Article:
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No breakfast? What's your excuse?
Rohini Cardoso e Diniz |
April 13, 2006
It doesn't matter if you are a college student, a working person, a new mother or a housewife, lack of time in the morning is the most common excuse for dodging breakfast.
You gulp down a cup of tea or coffee in the morning and survive on that till your next meal.
'I want to lose weight'
Yet another common reason for skipping breakfast -- this helps you lose weight. In reality, breakfast skippers do NOT lose weight as they may eat more than usual at the next meal or nibble on high calorie snacks to curb hunger.
A study conducted at the George Washington University USA, found that breakfast eaters had metabolic rates 3 to 4 per cent above average while breakfast skippers demonstrated sluggish rates, 4 to 5 per cent below average!
This means that during the course of the year breakfast skippers actually conserve 4 ½ to 7 kilogrammes of body fat!
'I don't feel hungry'
Reason number three -- a lack of appetite. This often happens because people tend to eat late dinners and sleep immediately thereafter. During sleep the digestion is sluggish resulting in the feeling of fullness in the morning.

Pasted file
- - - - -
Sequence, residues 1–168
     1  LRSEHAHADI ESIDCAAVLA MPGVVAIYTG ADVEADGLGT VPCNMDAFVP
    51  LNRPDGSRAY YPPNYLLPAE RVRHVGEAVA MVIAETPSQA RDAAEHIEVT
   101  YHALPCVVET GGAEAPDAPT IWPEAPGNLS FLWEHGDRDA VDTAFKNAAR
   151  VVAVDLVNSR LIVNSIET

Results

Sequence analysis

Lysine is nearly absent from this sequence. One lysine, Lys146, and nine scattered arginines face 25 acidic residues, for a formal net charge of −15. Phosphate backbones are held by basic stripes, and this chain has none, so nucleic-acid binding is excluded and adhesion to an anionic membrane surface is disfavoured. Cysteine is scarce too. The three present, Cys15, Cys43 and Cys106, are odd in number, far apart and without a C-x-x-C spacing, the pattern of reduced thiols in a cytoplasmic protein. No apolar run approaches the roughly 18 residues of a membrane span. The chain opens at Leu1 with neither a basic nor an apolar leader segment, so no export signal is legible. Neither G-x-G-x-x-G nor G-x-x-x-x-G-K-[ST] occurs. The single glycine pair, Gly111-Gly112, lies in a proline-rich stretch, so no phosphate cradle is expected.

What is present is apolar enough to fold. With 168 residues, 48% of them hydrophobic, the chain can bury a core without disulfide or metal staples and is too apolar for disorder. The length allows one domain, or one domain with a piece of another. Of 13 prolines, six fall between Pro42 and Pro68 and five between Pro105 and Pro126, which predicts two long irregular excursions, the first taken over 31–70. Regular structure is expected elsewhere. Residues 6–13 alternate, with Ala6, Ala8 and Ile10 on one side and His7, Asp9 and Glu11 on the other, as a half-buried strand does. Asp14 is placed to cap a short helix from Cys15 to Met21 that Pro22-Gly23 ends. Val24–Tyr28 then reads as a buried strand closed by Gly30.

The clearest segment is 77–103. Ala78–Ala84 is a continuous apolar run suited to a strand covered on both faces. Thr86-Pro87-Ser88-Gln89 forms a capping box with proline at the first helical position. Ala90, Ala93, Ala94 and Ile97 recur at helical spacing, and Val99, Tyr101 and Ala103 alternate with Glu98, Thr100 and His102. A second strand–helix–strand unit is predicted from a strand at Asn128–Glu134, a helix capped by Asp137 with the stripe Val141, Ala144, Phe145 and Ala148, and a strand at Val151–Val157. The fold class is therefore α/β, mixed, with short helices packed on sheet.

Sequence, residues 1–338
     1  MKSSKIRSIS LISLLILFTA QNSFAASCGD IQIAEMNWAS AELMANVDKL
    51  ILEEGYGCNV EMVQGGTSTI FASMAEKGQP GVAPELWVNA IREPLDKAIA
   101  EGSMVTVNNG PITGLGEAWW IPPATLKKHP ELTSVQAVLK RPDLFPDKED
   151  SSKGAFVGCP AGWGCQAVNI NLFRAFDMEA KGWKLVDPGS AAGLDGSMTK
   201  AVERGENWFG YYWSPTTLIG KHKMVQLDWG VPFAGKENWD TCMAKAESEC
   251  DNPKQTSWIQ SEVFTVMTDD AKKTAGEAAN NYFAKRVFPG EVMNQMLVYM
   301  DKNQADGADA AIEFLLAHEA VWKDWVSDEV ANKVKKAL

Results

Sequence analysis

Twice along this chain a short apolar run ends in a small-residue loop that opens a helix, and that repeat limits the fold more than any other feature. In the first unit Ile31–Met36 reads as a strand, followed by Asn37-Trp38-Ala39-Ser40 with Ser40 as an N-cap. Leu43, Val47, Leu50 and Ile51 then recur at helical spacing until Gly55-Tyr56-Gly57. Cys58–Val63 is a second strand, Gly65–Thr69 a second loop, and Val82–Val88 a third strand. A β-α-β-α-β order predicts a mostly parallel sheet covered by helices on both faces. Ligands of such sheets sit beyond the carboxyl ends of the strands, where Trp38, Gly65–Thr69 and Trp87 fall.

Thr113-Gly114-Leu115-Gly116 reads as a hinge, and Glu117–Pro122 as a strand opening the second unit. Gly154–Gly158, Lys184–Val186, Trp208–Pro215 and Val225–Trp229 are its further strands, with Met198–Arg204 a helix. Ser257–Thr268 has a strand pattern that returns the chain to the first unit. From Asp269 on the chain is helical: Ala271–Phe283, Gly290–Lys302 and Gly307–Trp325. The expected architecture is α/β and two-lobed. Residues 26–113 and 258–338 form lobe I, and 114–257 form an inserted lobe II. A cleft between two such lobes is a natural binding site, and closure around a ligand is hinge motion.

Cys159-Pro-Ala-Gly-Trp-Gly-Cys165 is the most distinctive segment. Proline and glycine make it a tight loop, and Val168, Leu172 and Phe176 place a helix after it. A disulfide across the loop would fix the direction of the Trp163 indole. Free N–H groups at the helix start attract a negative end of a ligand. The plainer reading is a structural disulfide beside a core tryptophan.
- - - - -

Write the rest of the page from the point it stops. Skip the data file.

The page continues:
This results in a vicious cycle -- no breakfast and too heavy a lunch, finally resulting in health problems. As a solution have dinner by latest 10 pm, preferably by 8.30 pm and wait one hour post dinner before you sleep.
Breakfast like a king, lunch like a prince, dine like a pauper
Heed this mantra because your breakfast is THE most important meal of the day. It literally breaks your overnight fast, which can last from 12 to 16 hours depending on what time you had dinner the previous night.
It helps you recharge your energy levels in the morning, which if not boosted will make you feel tired and hungry; you could end up snacking on high calorie snacks or overeat at lunch. Eating breakfast also stimulates the metabolism, which may slow down overnight.
Why breakfast is a MUST
Having trouble concentrating at work or studies? Feeling grouchy or lethargic? Here's why.
~ Memory is the worst affected by hunger as the brain requires a minute-to-minute supply of glucose for its normal functioning. Breakfast helps replenish the blood glucose levels, which in turn is the brain's fuel.